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Wood v. National Liability and Fire Insurance Company


September 13, 2001


Appeal from the Circuit Court of Kane County. No. 98-MR-0342 Honorable Patrick J. Dixon, Judge, Presiding

The opinion of the court was delivered by: Justice Byrne


This is an appeal from an order granting summary judgment to plaintiff, Bradley D. Wood, with respect to the limit of liability insurance extended to him by defendant, National Liability & Fire Insurance Company (National), and from an order dismissing the third-party complaint against Larry Laux, the independent insurance agent who procured the policy. We affirm.

The following facts are undisputed. Plaintiff applied for automobile liability insurance on December 30, 1996, through Laux. Wood's application did not contain an election form to reject the limits of uninsured/underinsured motorist (UM/UIM) coverage. Laux completed the application on Wood's behalf and submitted it to defendant National. National issued Wood a policy of insurance on December 31, 1996, for the period from December 31, 1996, to December 31, 1997, insuring Wood against loss resulting from liability. The bodily injury liability policy limit was $350,000.

National forwarded Wood's application to Transcom, its general agent. Transcom notified Laux that the application was incomplete because it did not include an election form allowing Wood to reject UM/UIM limits higher than those statutorily required. According to Transcom, Wood's UM/UIM limits would automatically be increased to match the liability limits if the form was not submitted by January 21, 1997. Laux submitted the form on Wood's behalf the following day.

Wood was involved in an automobile accident several months later and made a UM/UIM claim upon his National policy for the policy amount of $350,000. National asserted that, because Wood rejected the higher amount, his UM/UIM policy coverage was reduced to the statutory minimums of $20,000/$40,000. Upon the denial of his claim, Wood filed this action seeking the reformation of the insurance contract to reflect the intended limit of $350,000. National filed a third-party complaint against Laux, alleging that, if it was required to pay Wood the higher limit, then Laux was liable for inappropriately handling the election form.

Wood filed a motion for summary judgment. He claimed that the application process was complete when National accepted his application and issued him a policy. Wood also alleged that, even if the application process was not completed, the election form that rejected the higher limits did not contain an express rejection of those limits and therefore was statutorily ineffective. Pursuant to section 2--615 of the Code of Civil Procedure (735 ILCS 5/2--615 (West 1998)), Laux filed a motion to dismiss the third-party complaint, alleging that the duty to obtain an appropriate rejection of the higher limits was exclusive to the insurer and that Laux, as an independent agent, had no such duty.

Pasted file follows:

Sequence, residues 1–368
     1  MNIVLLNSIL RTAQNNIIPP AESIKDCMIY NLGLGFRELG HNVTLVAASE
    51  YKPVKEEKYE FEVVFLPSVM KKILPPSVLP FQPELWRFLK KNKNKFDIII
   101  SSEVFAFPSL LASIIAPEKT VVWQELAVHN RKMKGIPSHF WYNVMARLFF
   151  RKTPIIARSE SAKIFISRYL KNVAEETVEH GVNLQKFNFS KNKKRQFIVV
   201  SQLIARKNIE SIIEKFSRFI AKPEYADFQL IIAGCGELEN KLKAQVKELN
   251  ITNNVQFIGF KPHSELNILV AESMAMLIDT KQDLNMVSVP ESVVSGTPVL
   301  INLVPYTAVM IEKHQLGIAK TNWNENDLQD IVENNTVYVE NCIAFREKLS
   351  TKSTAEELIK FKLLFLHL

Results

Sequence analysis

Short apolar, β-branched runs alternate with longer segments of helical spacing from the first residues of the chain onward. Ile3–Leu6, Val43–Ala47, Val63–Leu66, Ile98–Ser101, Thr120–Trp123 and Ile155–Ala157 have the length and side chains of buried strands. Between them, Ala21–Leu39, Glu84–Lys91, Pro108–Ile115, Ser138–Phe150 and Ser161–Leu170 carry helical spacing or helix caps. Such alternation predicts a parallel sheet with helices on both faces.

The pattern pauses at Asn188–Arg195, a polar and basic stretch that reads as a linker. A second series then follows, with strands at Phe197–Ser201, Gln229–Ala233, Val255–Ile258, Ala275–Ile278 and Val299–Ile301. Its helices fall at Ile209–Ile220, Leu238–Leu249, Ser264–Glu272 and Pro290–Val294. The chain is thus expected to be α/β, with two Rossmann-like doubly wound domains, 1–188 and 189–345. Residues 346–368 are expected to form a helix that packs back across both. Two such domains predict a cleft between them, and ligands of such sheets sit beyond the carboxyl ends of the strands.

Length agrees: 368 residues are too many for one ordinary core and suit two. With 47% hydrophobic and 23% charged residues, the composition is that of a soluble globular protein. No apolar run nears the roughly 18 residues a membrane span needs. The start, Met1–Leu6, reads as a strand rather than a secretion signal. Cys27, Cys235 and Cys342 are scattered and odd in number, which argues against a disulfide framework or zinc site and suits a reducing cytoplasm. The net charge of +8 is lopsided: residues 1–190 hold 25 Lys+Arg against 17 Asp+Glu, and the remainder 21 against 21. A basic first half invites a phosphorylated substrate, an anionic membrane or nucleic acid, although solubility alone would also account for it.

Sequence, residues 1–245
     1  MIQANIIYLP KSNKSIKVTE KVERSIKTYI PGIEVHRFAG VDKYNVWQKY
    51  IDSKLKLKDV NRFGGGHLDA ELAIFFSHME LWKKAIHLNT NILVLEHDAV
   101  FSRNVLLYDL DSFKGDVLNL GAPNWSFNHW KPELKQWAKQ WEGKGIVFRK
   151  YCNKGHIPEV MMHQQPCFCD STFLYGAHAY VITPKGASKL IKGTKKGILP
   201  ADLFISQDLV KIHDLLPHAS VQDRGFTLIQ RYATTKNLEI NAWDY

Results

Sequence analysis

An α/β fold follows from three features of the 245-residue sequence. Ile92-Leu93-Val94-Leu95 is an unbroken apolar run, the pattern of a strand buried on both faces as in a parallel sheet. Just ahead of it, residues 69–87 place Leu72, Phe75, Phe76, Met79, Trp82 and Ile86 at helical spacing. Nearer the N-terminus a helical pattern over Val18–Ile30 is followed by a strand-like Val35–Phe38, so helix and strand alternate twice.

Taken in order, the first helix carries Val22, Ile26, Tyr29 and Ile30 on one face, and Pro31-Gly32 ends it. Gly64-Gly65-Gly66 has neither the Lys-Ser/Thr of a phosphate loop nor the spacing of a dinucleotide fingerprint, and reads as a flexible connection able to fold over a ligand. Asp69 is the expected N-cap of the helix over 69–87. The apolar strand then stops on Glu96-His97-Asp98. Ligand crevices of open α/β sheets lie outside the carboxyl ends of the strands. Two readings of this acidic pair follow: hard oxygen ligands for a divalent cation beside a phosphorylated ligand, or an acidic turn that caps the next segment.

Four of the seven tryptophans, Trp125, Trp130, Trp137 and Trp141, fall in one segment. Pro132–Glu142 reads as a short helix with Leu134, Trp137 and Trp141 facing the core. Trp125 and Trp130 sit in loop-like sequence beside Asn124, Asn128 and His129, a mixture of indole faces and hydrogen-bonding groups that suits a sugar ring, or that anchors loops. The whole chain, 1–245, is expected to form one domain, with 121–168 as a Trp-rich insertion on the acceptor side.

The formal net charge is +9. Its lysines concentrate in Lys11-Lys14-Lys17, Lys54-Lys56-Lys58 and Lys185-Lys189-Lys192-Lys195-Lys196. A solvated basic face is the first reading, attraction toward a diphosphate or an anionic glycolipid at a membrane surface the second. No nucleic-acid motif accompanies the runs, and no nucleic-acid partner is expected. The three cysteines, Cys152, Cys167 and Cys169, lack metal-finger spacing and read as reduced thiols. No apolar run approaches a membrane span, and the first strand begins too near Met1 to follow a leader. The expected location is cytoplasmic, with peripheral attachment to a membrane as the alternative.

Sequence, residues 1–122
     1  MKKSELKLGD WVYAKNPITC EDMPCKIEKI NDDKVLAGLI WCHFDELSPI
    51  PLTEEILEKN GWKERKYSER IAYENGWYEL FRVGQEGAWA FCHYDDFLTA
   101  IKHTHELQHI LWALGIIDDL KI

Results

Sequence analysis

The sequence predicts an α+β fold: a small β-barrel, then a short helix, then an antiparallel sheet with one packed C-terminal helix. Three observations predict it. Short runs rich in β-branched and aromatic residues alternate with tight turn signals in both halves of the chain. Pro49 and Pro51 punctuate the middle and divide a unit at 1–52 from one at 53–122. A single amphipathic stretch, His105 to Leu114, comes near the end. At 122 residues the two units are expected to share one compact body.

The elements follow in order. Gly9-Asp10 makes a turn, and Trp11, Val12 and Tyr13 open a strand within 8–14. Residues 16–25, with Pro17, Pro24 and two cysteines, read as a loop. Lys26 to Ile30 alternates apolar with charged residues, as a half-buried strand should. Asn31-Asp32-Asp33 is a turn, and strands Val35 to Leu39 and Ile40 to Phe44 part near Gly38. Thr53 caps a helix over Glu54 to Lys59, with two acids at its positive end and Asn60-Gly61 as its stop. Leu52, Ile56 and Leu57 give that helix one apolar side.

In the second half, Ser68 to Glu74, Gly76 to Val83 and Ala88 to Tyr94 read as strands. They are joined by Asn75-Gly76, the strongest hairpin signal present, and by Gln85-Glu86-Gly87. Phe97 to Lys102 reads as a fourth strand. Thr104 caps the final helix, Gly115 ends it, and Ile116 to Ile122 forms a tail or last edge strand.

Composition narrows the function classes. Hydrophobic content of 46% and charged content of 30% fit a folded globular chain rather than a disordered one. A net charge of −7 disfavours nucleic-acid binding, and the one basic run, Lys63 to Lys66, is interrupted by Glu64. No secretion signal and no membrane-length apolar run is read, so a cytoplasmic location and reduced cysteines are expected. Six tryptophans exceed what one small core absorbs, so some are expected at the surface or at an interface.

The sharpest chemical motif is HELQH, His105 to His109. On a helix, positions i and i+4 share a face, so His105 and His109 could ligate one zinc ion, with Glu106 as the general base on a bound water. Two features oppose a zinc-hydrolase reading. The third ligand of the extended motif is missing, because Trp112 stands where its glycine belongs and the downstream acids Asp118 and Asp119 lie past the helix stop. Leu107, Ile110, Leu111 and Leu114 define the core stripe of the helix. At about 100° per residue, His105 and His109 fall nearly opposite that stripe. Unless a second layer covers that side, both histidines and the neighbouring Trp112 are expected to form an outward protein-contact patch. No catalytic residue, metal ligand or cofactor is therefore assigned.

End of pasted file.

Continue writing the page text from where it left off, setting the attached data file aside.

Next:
The trial court agreed with Wood's argument and entered summary judgment on the complaint for reformation. Because the judgment also absolved Laux of any responsibility for the higher limit, the court granted Laux's motion to dismiss the third-party complaint. National timely appeals.

We begin our analysis by addressing the issue of whether the trial court properly granted the motion for summary judgment and the motion to dismiss. A court should enter summary judgment when the pleadings, depositions, admissions, and affidavits show there is no genuine issue of material fact and the movant is entitled to judgment as a matter of law. 735 ILCS 5/2--1005(c) (West 1998). Summary judgment is a drastic remedy that should be granted only when the right of the moving party to relief is free from doubt. Loyola Academy v. S&S Roof Maintenance, Inc., 146 Ill. 2d 263, 271 (1992). The court must construe the evidence strictly against the movant and liberally in favor of the opponent. Gatlin v. Ruder, 137 Ill. 2d 284, 293 (1990). Even if the facts are undisputed, if rational persons could draw different inferences from those facts, summary judgment is inappropriate. Stephen v. Swiatkowski, 263 Ill. App. 3d 694, 697 (1994).

As with a motion to dismiss, the standard of review of a summary judgment ruling is de novo. Crum & Forster Managers Corp. v. Resolution Trust Corp., 156 Ill. 2d 384, 390 (1993); Rodgers v. Peoples Gas, Light & Coke Co., 315 Ill. App. 3d 340, 347 (2000); Holloway v. Meyer, 311 Ill. App. 3d 818, 822 (2000).

National contends that the trial court erred in granting summary judgment because the UM/UIM election form was part of the application process and therefore fulfills the statutory requirement that the applicant be provided a place on the application to reject UM/UIM limits above the statutory minimum. National maintains that the application in this case consists of the four-page document and the UM/UIM election form.

National ignores that the linchpin of this case turns on the salient fact that Wood never rejected the limits before the policy of insurance was issued in the manner required by statute. Section 143a-2(1) of the Illinois Insurance Code (Code) (215 ILCS 5/143a--2(1) (West 1998)) requires that the amount of uninsured motorist coverage be included in an insurance policy "in an amount equal to the insured's bodily injury liability limits unless specifically rejected by the insured." The statute further provides: